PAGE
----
Mo Salah, penalties and artificial intelligence

Last night, as Leicester City played Liverpool, Mo Salah, current top scorer in the English Premiership, was taken down in the penalty box and then stepped up to take the (correctly-awarded) penalty.

Salah hardly ever misses a penalty. It’s about as nailed on as you can get that he will score. Except last night he didn’t. Something – a badly placed kick, a goalkeeper at the top of his game, a momentary lack of concentration, who knows – meant he kicked the ball into the keepers hands (and then failed to score on the rebound).

Well, it happens. Form is temporary, class is permanent as the saying goes. But what struck me was I knew, I just knew, he was going to miss. Something in the few seconds before he struck the ball made me think he wasn’t going to do it.

To be honest, this is quite a common feeling (for me, anyway). But not all the time. David O’Leary’s famous “the nation holds its breath” penalty never bothered me at all. Never in doubt.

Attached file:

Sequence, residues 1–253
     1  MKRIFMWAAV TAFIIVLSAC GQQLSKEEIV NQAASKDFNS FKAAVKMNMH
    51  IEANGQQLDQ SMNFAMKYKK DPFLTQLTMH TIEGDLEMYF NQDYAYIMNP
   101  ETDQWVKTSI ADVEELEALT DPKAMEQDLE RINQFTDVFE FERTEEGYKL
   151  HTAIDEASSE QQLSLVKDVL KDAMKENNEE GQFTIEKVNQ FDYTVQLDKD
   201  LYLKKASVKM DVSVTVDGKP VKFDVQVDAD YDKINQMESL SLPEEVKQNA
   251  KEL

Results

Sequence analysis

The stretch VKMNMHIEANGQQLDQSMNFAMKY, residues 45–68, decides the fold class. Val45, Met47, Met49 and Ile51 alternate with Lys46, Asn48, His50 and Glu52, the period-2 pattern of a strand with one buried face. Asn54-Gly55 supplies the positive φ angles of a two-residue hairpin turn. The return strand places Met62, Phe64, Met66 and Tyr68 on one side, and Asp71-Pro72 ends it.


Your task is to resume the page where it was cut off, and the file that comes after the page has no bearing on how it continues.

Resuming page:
But the thing that interests me here is that I am sure I am the only one who feels this way about penalties and furthermore my belief – untested – is that when I feel that someone is going to miss I am right more times than I am wrong.

An unverified search on the internet says that 70% of penalties awarded in the English top flight are scored, so testing for people’s ability to predict a miss ought not to be too hard – (at these odds a random miss predictor would be relatively easy to spot).

If people can do it through some sort of split-second multiply parallel assessment of the factors – the morale of the team, the state of the game, the look of the keeper and, I think above all, the look and feel of the man taking the kick – the question is then whether we could build a machine that did this too.

What would be the point of that? Well, part from the “it’s interesting” factor there is presumably an arbitrage opportunity out there somewhere that would allow those informed by the machine to bet on the outcome. That, of course, would be of no net social benefit to humanity as a whole and probably isn’t something to be encouraged, but still I do think it’s fascinating.

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